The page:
The Ricochet Project are a New Mexico-born circus of two, currently based in Berlin and composed of Cohdi Harrell and Laura Stokes. Their Total Theatre Award-winning show Smoke & Mirrors is an absolute success, clever in the apparatuses it uses, in the way it uses them and in what it says by doing so.
The show features a blend of aerial ropes, trapeze, contortion and handstand, and is an insight into the minds of two office workers, oppressed by the the absurdity and conventions of the capitalistic world they live in. When they get home at night, both undress without seeing each other (although it is unclear whether they share the same fictional space at this point). They shed their social identity, stripping down to a bare and raw minimum.
And that’s how the circus occurs too. Not as an excuse to show tricks, or to perform perfectly executed routines, but to express the inner lives of both characters in a succession of spasms and torsions where the body is twisted with perfect grace into ungraceful positions.
Harrell does a great job of looking like a pre-Breaking Bad Walter White. His handstand and dance solo is a display of strength, awkwardness, suppressed sexuality – and portrays all the many ways a man can sit on his chair. It is as if the objects of everyday life have become legitimate partners for interaction: when human connections are broken, one must dance with the inanimate. The choreography itself is exquisitely thought through to compliment and contrast the image of a man wearing only white briefs, a shirt and a tie. The effect is one of intimacy and vulnerability.
Harrell’s static trapeze routine is equally mesmerising and tells the story of a man battling against forces he doesn’t control, pulled down by gravity but also victim of his own momentum, and only able to find respite for seconds at time in uncomfortable positions. That respite is always precariously balanced and always falls again, eventually.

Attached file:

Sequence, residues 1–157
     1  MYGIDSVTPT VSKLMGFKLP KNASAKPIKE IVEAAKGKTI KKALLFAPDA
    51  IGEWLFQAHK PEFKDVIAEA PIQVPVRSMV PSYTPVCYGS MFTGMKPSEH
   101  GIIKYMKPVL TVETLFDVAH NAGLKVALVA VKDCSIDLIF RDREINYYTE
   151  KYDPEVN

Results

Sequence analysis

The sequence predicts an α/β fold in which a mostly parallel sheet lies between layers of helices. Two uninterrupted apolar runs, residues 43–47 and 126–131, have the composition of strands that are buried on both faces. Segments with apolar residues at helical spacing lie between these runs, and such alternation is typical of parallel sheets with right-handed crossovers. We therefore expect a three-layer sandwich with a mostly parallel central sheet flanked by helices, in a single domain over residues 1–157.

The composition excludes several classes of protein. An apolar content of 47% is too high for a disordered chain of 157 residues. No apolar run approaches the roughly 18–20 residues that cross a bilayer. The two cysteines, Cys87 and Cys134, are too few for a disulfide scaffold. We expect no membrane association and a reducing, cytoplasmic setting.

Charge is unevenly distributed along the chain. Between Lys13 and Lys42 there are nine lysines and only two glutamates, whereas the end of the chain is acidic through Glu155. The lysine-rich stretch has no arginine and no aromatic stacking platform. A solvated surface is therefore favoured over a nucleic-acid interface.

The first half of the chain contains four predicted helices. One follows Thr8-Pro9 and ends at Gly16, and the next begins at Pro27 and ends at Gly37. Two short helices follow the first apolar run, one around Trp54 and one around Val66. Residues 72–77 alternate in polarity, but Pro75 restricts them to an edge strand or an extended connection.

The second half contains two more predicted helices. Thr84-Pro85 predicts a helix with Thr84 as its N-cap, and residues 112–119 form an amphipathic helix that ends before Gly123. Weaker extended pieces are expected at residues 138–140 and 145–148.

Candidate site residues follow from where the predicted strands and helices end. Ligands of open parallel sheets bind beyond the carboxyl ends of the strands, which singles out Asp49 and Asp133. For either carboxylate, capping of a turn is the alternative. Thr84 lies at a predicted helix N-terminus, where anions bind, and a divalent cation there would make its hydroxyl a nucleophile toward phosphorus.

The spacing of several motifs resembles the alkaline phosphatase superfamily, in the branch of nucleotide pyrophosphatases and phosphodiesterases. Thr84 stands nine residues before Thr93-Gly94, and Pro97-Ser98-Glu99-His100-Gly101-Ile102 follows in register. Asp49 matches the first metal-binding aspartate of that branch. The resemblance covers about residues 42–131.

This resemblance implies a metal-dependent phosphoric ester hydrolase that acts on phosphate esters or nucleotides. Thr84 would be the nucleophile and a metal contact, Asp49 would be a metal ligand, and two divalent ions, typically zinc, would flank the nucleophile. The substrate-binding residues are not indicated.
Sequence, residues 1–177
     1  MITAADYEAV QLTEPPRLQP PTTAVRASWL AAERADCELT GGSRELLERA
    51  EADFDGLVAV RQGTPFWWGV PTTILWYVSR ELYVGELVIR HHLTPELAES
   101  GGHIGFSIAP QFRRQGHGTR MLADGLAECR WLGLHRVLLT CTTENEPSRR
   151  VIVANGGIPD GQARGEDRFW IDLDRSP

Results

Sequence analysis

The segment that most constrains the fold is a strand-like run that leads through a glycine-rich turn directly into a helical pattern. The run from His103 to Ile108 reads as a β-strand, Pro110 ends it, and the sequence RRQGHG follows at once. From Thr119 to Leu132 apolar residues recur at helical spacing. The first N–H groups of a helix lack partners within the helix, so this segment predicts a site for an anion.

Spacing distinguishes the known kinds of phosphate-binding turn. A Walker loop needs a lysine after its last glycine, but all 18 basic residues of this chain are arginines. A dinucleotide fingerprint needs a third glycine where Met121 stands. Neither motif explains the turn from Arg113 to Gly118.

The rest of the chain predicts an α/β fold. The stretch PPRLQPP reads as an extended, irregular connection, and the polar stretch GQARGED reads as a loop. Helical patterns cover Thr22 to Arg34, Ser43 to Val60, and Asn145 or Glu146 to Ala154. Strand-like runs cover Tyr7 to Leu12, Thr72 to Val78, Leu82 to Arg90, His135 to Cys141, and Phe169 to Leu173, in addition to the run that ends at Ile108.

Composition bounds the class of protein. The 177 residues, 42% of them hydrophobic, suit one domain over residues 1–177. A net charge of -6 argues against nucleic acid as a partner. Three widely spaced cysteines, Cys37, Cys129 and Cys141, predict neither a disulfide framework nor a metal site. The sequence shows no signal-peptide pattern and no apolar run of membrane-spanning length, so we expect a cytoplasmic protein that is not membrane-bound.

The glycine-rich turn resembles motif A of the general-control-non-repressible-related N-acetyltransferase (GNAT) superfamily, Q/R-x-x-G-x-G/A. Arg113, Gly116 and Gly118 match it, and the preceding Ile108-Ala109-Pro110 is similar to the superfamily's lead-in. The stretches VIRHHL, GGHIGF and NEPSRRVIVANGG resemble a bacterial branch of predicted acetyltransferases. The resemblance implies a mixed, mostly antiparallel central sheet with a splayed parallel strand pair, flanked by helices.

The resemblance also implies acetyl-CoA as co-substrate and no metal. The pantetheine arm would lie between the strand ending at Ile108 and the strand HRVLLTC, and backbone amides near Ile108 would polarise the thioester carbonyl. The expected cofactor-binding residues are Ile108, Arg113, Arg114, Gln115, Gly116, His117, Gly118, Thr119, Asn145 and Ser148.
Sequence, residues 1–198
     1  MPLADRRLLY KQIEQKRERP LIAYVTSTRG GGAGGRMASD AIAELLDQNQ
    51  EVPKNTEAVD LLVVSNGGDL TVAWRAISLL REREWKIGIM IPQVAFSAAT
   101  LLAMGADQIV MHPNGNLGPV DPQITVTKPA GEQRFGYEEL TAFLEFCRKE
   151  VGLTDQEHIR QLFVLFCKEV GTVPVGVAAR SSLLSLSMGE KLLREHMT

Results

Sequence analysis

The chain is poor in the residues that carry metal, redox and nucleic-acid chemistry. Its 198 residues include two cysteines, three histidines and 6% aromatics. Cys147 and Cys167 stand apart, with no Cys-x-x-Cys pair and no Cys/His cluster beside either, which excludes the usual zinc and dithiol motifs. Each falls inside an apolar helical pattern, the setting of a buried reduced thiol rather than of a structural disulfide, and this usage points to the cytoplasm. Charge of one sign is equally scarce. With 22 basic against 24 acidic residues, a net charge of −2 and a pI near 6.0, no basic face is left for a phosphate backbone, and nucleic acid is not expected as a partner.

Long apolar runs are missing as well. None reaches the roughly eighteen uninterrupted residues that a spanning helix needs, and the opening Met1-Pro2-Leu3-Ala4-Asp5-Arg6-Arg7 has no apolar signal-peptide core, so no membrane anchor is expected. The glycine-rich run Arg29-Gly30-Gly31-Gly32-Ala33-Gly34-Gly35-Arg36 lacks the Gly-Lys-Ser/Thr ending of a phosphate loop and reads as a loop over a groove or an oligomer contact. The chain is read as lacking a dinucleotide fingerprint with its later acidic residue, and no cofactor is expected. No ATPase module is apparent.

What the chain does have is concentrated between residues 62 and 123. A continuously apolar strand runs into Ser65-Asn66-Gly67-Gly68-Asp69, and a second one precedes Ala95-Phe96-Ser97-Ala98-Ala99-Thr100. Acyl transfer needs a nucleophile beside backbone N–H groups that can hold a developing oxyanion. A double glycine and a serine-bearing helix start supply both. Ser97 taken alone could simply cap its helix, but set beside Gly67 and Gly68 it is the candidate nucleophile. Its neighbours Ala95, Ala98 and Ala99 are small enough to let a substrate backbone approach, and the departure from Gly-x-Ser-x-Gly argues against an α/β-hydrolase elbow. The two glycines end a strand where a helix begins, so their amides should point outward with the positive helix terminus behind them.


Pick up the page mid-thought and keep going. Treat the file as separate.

Stokes is perfect and awkward looking in her beige heels and brown suit and quickly strips down to match Harrell, wearing only white briefs. On the double aerial rope (an appartus interesting in itself, that makes you wonder why it isn’t used more often), she gives a distressed and syncopated performance punctuated throughout by the shaking of her fingers. The entire dance is a deep, painful inner scream. She finally drops on the floor in a contortion pose and the strobing lights take over the stage. Everything becomes slow, fragmented and nightmarish, with hints of Kafka and the horror of a world so mundane it doesn’t make sense.
The final piece is performed by both Harrell and Stokes and mirrors the opening scene. But whilst in the first scene the performers assume multiple disconnected poses on the trapeze, both wearing their office gear and shoes, the final performance is purposely less contrived, more honest. We have moved from the illusion of the convention to something truer. Bodies move together on the sling and double rope to the sounds of the famous speech from The Great Dictator. There is a glimpse of hope, a glimpse of freedom. And yet, at the end of the show, the performers put their clothes back on and life as we know it resumes; there are no escapes, only respites.
The great thing about Smoke and Mirrors is that it really makes the most of the circus techniques and takes the disciplines beyond the anecdotal. At no point does it feel like the choreography is just a pretext to execute tricks. When the performers appear to be simply ‘going through the motions’, that choice has been perfectly calculated. This is not a performer’s boredom, but a performed one, using technical tricks to express something greater, never presenting them for their own sake. This is circus breaking free from itself.
Smoke & Mirrors. By The Ricochet Project. Jackson’s Lane, N6 5AA. 19-23rd April http://www.jacksonslane.org.uk/whats-